bible-title-pageMost churches have Bible studies in small group settings, but they are not all run in the same way.  Sometimes the Bible study resembles a Sunday School class, with a long lecture from the study leader and only limited interaction.  At the other extreme, some studies are conducted without a leader and the group simply shares their opinions with each other without any real direction.  Some groups use a Bible study curriculum that directs the discussion to certain topics, with a list of Scripture passages for each topic.  In some cases so little time is actually spent studying the Scriptures that I wonder if it is even suitable to call them “Bible studies.”  Different approaches are suitable for different situations, but there are significant advantages to inductive Bible study.

What is “inductive” Bible study?

Inductive Bible study is “inductive” in the sense that the goal is to draw conclusions from the data of Scripture in a way that is similar to that used in experimental science–general conclusions are drawn from specific data.  While this might seem to be the obvious approach, there are in fact many “Bible studies” that are written from the opposite approach, starting with several points that the study writer wants to make and then looking for some Scripture passages to back them up.  But if we respect the Bible as God’s word we should strive to let the Bible speak for itself, not use Scripture as a source of proof texts to support our own ideas.

Inductive Bible study in a small group setting involves the whole group in the discovery process, with a study leader to act as a moderator to guide the discussion.  Here are some of the characteristics of an Inductive Bible Study:

  • The study is usually focused on a single passage of Scripture, which is long enough to be a complete literary unit
  • The leader is well prepared, but shares only a little background information and leads mainly by asking questions
  • The group digs into the text together to discover its meaning
  • Some groups use printed handouts of the text so that group members can mark up their copy as they study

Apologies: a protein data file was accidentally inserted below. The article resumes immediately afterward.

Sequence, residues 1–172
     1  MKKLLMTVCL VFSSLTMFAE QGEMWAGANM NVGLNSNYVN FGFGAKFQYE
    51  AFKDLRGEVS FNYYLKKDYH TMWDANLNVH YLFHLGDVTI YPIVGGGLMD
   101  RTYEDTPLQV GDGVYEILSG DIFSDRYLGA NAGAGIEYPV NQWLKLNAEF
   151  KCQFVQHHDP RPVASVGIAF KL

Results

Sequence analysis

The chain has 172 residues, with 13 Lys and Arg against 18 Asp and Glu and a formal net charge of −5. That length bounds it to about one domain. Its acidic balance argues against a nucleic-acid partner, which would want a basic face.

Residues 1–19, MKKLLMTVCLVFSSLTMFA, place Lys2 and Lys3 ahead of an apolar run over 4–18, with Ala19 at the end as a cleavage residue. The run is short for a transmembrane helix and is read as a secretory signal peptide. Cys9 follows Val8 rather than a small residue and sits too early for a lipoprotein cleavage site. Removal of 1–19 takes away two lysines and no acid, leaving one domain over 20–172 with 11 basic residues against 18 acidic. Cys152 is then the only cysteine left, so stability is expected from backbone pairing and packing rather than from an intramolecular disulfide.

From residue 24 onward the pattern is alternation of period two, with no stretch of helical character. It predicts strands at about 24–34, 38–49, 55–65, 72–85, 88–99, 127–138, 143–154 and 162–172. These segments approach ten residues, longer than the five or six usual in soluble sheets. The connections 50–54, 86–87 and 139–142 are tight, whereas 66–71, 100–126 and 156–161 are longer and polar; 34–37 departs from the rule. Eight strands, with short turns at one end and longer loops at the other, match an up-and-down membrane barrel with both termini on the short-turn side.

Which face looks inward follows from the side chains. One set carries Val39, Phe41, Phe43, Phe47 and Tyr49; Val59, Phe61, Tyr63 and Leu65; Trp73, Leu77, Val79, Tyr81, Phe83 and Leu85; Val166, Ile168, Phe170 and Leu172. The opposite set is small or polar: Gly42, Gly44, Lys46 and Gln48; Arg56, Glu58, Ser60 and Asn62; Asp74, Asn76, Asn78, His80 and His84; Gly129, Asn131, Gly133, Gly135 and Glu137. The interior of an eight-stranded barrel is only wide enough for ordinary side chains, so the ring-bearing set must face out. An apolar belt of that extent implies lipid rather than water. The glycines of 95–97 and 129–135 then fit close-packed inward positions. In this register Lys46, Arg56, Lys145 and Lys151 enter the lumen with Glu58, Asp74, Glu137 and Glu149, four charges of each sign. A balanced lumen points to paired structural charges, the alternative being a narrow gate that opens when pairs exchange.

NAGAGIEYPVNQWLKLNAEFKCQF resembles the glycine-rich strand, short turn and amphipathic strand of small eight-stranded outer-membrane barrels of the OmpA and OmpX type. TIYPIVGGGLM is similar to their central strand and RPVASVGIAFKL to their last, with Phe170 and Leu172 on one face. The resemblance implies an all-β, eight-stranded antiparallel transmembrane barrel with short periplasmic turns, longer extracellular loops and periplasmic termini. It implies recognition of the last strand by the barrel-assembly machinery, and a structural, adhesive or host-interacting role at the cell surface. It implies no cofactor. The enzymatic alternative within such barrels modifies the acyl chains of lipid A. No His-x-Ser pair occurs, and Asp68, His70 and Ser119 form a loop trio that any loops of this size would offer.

• Conclusions are grounded in the text of Scripture

Advantages of inductive Bible study

There are some significant advantages to doing inductive Bible studies:

  • there is ample opportunity for active participation
  • we retain more of what we discover for ourselves
  • we benefit from the insights of others
  • an experienced leader can provide direction and focus without dominating the discussion
  • we learn how to study the Bible by example (especially from the leader’s questions)
  • passages are studied in context instead of as isolated verses
  • new Christians and even seekers can participate without needing to be familiar with rest of the Bible
  • we can encourage each other in applying what we have learned

The goals of inductive Bible study

Some of the ministry goals for inductive Bible study are:

  • that people would grow in their understanding of and obedience to God’s word (life transformation)
  • that group members would learn how to study the Bible by example
  • that Christ-centered relationships would be fostered through interaction in the study

“Let the word of Christ dwell in you richly, teaching and admonishing one another in all wisdom, singing psalms and hymns and spiritual songs, with thankfulness in your hearts to God.”  (Col. 3:16, ESV)

What is your experience with inductive Bible studies?

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  1. I’ve found that one of the most important ingredients of a good inductive Bible study is that leader that can “provide direction and focus.” I’ve been in a few studies that veered off dangerously in the direction of, “Well, what do you feel like it means?” Good leaders are able to bring the conversation back to, “Let’s study the text and figure out what it actually means.”

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